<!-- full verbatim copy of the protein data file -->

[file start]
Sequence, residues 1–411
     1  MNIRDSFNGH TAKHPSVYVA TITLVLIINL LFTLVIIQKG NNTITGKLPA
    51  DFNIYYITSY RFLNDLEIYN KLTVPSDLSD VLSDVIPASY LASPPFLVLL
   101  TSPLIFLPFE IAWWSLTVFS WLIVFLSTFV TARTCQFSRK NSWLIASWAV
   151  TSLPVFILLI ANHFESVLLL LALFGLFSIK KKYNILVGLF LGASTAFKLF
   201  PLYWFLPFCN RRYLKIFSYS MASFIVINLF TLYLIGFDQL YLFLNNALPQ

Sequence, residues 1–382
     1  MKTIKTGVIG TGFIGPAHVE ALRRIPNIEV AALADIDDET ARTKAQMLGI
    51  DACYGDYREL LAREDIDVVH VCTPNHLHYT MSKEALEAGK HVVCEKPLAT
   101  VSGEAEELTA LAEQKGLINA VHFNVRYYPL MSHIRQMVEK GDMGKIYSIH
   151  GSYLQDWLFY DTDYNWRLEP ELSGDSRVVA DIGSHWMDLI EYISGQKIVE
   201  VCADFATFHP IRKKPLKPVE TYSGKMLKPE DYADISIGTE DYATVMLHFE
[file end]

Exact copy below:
Sequence, residues 1–411
     1  MNIRDSFNGH TAKHPSVYVA TITLVLIINL LFTLVIIQKG NNTITGKLPA
    51  DFNIYYITSY RFLNDLEIYN KLTVPSDLSD VLSDVIPASY LASPPFLVLL
   101  TSPLIFLPFE IAWWSLTVFS WLIVFLSTFV TARTCQFSRK NSWLIASWAV
   151  TSLPVFILLI ANHFESVLLL LALFGLFSIK KKYNILVGLF LGASTAFKLF
   201  PLYWFLPFCN RRYLKIFSYS MASFIVINLF TLYLIGFDQL YLFLNNALPQ

Sequence, residues 1–382
     1  MKTIKTGVIG TGFIGPAHVE ALRRIPNIEV AALADIDDET ARTKAQMLGI
    51  DACYGDYREL LAREDIDVVH VCTPNHLHYT MSKEALEAGK HVVCEKPLAT
   101  VSGEAEELTA LAEQKGLINA VHFNVRYYPL MSHIRQMVEK GDMGKIYSIH
   151  GSYLQDWLFY DTDYNWRLEP ELSGDSRVVA DIGSHWMDLI EYISGQKIVE
   201  VCADFATFHP IRKKPLKPVE TYSGKMLKPE DYADISIGTE DYATVMLHFE